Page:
In order to study the effect of different media on the enhancement of fluorescence intensity, different organic solvents were used as diluting solvents including Acetonitrile, Methanol, Ethanol, and Dioxan. It was found that the fluorescence intensity is enhanced with the order of Methanol, Acetonitrile, Dioxan and then ethanol as can be seen in Figure 3. This behavior is probably due to the dynamic stabilization of the studied drug. The emission wavelengths of SUM in Dioxan were 357and 350 for Acetonitrile and 294 nm for Methanol. The excitation wavelength were 298, 262 nm and 253nm of the three solvents respectively.
Figure 3. Effect of diluting solvent on RFI of SUM (100 ngml-1)
Effect of organized media
For the better enhancement of the analytical characteristics of the fluorescence spectra of SUM, a study of the effect of different types of surfactants (cationic, Anionic and nonionic) was performed using the different effect of equal volume each surfactant used were summarized in Figure (4) it can be shown that SLS gave the best enhancement of the RFI which is due to dynamic properties of limited movement of the micellar medium of SUM 21.
Figure 4. Effect of the addition of organized media on RFI of SUM (100 ngml-1), after the addition of 1ml of 0.5% of each medium of the RFI of SUM.
Effect of pH
The effect of pH value on the fluorescence intensity was studied by varying the values of pH using different buffer solutions, it was found that the maximum value of fluorescence intensity was obtained at pH around 5 using acetate buffer as shown in Figure 5, which is probably due to the formation of a nonionizable form of the studied drug at this pH value.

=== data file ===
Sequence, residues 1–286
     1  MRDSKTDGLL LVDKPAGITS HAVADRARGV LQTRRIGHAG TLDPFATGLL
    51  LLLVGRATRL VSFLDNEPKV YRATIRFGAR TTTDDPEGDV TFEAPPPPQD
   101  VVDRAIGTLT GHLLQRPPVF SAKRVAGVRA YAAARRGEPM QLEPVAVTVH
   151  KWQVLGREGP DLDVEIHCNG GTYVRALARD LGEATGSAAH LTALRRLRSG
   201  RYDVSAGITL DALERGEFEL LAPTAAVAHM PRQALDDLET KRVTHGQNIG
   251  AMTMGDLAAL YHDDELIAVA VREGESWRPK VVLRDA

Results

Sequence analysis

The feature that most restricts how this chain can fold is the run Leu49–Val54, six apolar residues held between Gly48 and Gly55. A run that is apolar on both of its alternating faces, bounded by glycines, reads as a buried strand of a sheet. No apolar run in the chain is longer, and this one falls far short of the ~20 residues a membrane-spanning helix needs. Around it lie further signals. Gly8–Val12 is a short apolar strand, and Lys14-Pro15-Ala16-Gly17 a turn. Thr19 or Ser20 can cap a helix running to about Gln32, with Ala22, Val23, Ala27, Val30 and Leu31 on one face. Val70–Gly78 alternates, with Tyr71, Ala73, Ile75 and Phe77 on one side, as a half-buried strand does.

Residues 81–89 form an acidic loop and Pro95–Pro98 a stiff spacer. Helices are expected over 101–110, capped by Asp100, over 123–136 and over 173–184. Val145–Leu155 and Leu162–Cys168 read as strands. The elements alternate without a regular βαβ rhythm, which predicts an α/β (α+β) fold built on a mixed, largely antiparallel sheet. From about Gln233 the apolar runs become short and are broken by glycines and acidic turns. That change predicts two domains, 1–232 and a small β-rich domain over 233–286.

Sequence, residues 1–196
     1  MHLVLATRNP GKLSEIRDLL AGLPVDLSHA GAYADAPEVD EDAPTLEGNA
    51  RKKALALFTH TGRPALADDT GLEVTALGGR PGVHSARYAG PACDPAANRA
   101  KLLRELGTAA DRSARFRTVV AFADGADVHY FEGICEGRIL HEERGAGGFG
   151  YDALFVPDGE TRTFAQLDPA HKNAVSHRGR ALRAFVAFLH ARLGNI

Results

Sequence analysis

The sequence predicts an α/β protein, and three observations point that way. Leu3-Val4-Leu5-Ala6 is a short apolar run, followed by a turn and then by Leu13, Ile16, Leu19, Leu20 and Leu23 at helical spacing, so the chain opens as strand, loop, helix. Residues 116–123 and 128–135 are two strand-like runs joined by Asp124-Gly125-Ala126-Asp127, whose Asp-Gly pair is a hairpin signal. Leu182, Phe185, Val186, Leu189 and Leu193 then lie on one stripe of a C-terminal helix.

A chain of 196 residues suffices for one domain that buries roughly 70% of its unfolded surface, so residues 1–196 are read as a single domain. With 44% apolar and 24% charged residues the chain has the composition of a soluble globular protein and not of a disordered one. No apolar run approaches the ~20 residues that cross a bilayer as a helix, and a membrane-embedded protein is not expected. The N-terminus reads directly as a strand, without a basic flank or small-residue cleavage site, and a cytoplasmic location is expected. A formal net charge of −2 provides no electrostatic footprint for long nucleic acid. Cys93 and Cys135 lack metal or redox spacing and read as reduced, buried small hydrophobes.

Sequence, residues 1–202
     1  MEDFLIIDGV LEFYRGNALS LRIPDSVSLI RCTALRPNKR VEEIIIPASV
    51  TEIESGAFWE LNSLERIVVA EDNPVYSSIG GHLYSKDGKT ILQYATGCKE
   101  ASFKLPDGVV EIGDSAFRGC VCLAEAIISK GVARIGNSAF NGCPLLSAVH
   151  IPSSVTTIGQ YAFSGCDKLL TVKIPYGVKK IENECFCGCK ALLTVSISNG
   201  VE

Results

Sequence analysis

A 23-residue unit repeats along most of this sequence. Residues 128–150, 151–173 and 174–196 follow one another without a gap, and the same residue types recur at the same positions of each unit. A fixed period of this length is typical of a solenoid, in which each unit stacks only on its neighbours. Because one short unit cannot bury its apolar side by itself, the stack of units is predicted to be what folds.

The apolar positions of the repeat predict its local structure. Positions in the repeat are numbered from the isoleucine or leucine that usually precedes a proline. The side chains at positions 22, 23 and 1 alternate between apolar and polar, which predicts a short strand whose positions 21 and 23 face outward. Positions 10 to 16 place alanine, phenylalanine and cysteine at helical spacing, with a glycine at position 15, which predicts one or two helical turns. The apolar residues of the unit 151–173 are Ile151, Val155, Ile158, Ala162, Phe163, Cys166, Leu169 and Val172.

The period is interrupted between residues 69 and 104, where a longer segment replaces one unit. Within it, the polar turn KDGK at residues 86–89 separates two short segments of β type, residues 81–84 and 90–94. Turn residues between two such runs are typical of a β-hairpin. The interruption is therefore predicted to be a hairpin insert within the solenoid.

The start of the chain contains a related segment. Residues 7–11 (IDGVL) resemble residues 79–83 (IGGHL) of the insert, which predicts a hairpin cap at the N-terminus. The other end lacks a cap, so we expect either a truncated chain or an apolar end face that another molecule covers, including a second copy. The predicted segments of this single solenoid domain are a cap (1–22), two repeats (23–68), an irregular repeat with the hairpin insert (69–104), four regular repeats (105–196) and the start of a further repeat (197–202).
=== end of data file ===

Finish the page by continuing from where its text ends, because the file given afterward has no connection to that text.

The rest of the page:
Figure 5. Effect of pH on RFI of SUM (100 ngml-1) using acetate buffer
In order to minimize the broadening of the emission fluorescence peaks and thus possible overlapping and minimize scattering. An alternative method for the conventional fluorescence spectrum is the use of Synchronous scanning fluorescence. In this technique, the excitation and emission monochromator are scanned simultaneously and the emission intensity is recorded as a function of the excitation wavelength. The difference between ?em. and ?ex. (??) is a very important factor in the synchronous spectrum for determining the position of the bands and their intensities. In the present work the optimization of (??) was performed by selecting different values of (??) then interpretation of the fluorescence spectrum, as a result, ??=120 nm was selected because it gave sharper peak with maximum intensity, least peak overlap and increase in (RFI) as a function of concentration of SUM as shown in Figure 6 below.